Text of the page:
By now, you may have seen a couple of our thermographic videos comparing Warmboard to a variety of competitors. And while the results are visually impressive, it may still leave some asking, “What exactly am I looking at?”
These video comparisons were performed in a room with an air temperature of 65ºF. And while there may have been some slight temperature changes in the room (slight changes from 63+º to 66º potentially), both panels would have been affected in the same way. Each panel also had an insulating layer with an R-Value of 2.22 and had 120ºF water pumped through each panel at the same rate.
An infrared FLIR camera was positioned 8 feet above the panels to film the comparison. A picture was taken every 30 seconds. These images were then sequenced and turned into a video playing at 25 FPS (frames per second).
This image shows where the temperature data was taken from. It was used to determine the average temperature of the entire panel as well as the high and low temperatures which determined the amount of striping. Striping is the difference in temperature across the surface of the floor. The highest temperatures coming from the tubing itself while the lowest temperatures are found in the spaces between the tubing. For Warmboard, the striping averaged around 2ºF. Other radiant systems averaged between 4 and 6ºF. With higher striping you can feel the differences in temperature across the floor depending on where you stand. Additionally, Warmboard is a preferred method over other radiant solutions by a variety of flooring manufacturers.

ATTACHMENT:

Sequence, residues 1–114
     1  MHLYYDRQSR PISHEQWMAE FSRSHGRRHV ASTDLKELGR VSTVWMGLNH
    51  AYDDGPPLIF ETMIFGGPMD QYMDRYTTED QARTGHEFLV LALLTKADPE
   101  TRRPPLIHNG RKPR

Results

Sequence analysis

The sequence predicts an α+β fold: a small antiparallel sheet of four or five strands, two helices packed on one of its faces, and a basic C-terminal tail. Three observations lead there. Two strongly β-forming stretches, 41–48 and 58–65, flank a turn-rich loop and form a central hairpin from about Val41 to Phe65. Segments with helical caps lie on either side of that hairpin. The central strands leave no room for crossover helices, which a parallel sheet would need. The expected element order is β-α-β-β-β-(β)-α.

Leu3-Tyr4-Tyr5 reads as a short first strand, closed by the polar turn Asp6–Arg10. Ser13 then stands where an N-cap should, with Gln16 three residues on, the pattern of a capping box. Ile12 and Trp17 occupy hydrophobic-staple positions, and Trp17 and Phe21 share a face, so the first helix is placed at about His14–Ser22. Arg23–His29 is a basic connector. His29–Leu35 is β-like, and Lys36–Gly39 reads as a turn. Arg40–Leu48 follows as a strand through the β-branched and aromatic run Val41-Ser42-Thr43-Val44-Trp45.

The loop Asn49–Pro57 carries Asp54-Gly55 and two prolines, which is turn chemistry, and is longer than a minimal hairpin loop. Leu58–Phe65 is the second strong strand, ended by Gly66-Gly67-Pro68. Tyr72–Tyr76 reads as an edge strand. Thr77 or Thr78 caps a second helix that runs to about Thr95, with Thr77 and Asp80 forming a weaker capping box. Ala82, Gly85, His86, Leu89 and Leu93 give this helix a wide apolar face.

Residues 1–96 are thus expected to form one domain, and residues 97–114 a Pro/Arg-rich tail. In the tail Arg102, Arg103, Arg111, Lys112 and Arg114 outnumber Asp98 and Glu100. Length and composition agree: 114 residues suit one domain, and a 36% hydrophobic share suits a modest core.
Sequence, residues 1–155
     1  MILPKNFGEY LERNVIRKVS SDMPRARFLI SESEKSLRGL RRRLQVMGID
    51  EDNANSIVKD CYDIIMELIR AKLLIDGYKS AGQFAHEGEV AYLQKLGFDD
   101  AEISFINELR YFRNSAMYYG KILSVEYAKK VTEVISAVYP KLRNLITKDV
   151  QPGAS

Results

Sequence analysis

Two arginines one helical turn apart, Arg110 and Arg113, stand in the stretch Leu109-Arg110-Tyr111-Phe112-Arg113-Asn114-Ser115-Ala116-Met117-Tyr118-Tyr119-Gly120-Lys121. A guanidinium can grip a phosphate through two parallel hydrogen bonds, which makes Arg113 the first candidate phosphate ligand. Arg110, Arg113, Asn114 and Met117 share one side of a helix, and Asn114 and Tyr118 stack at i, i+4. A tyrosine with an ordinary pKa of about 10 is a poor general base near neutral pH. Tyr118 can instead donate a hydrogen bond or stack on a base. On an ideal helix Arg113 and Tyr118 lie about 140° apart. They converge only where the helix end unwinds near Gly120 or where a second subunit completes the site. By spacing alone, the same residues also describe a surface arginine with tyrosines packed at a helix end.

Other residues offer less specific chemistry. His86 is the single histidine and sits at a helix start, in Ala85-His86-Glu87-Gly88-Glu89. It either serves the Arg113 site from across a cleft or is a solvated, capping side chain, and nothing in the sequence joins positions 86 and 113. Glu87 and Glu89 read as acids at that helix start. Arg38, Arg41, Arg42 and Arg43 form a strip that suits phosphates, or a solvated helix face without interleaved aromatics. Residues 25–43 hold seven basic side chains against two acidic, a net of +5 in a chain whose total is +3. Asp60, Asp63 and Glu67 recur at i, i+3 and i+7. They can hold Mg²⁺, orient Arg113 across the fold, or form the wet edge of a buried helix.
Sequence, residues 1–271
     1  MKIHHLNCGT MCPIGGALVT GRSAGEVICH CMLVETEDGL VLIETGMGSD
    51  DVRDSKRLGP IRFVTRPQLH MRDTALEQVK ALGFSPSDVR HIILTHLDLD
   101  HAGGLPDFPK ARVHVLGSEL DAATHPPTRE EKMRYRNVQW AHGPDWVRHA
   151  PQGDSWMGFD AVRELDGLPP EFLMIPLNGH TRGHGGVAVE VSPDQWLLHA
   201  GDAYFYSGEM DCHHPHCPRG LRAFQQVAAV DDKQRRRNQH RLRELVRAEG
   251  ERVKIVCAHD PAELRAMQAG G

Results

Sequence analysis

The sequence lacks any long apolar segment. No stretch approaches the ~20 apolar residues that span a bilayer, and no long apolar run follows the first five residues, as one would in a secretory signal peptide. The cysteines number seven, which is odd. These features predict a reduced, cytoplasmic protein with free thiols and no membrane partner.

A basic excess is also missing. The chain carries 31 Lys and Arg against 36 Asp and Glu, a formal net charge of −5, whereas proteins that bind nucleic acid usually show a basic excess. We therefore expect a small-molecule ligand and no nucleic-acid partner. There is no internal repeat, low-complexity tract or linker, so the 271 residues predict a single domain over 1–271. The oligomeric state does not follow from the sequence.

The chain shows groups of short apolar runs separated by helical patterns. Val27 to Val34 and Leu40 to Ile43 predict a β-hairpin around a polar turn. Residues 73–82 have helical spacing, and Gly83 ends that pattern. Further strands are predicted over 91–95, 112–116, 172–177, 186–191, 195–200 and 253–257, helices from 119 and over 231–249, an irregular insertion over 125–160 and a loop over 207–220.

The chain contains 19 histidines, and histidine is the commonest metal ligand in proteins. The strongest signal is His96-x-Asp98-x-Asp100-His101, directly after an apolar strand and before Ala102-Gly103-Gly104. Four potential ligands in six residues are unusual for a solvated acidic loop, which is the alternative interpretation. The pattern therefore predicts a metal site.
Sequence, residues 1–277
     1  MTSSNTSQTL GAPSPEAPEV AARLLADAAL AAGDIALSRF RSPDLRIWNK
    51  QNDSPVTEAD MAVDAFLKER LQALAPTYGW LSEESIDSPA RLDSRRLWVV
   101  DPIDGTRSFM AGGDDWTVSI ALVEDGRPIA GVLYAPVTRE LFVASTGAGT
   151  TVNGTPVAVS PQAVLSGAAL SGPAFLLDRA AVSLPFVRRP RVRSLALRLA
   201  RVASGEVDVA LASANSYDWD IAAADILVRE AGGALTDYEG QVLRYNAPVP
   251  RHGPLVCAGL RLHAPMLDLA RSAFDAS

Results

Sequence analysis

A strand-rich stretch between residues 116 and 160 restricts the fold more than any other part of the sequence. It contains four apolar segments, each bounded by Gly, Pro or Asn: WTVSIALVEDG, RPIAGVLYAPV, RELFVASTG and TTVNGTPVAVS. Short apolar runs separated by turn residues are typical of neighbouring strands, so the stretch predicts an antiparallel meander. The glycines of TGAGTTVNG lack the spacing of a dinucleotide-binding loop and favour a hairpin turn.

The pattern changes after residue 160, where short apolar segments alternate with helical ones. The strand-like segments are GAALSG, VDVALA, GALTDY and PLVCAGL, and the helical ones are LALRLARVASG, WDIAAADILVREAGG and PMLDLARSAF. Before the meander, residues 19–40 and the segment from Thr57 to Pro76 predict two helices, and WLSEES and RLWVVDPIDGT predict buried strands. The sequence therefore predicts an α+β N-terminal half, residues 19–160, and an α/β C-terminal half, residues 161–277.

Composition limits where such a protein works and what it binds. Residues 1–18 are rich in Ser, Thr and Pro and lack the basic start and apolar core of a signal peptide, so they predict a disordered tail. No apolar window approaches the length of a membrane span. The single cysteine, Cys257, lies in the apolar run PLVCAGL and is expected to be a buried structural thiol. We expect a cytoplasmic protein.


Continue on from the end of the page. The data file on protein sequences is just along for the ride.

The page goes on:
Temperature bars on the left and right show the average temperature of each panel. We selected 70ºF as a benchmark since this is when you first begin to feel the temperature change in a room. Throughout all of the tests, Warmboard consistently reaches a 70ºF surface temperatures in about 20 minutes. The next best performing system took over an hour. One exception was the gypsum concrete with 12” centers which took 2.5 hours to get up to 70ºF. It’s also important to note that the gypsum concrete panels do not have spacers in them. Spacers, which are necessary for doing a hardwood floor, would further interrupt the flow or heat and slow the transfer down even more.
Knowing the temperatures also allows you to calculate the BTUs produced by each panel. A BTU, or British Thermal Unit, is a standard measurement of energy, specifically energy from heat. As you burn fuel, you create energy. This energy is measured in BTUs. Think of it in terms of “Miles Per Gallon” for your car. Same amount of fuel, but the fuel is being used more efficiently. The more BTUs you get from an area, the more efficiently that energy is being used.
To determine BTU’s, we use a simple equation. You take the room temperature (in this example, 65º) and you subtract that from the temperature of the panel. Take that number, and multiply by 2.
For example when the Warmboard panel is 70º, you do 70-65=5, 5x2=10 BTUs. If the panel is 72º, 72-65=7, 7x2=14 BTUs.
Now, after all this, you may be still be asking yourself, “Ok...so what again am I looking at?”
Well, to summarize: The Warmboard panel heats up faster, provides more even heating and gives better use of energy (which lowers your energy usage) and it does so with 12” tubing spacing, opposed to others using 6, 7 or 8 inch tubing spacing. Other panels with smaller tubing patterns also require more manifolds and tubing, which increases costs too.
Final, Final Summary: Warmboard is just way better.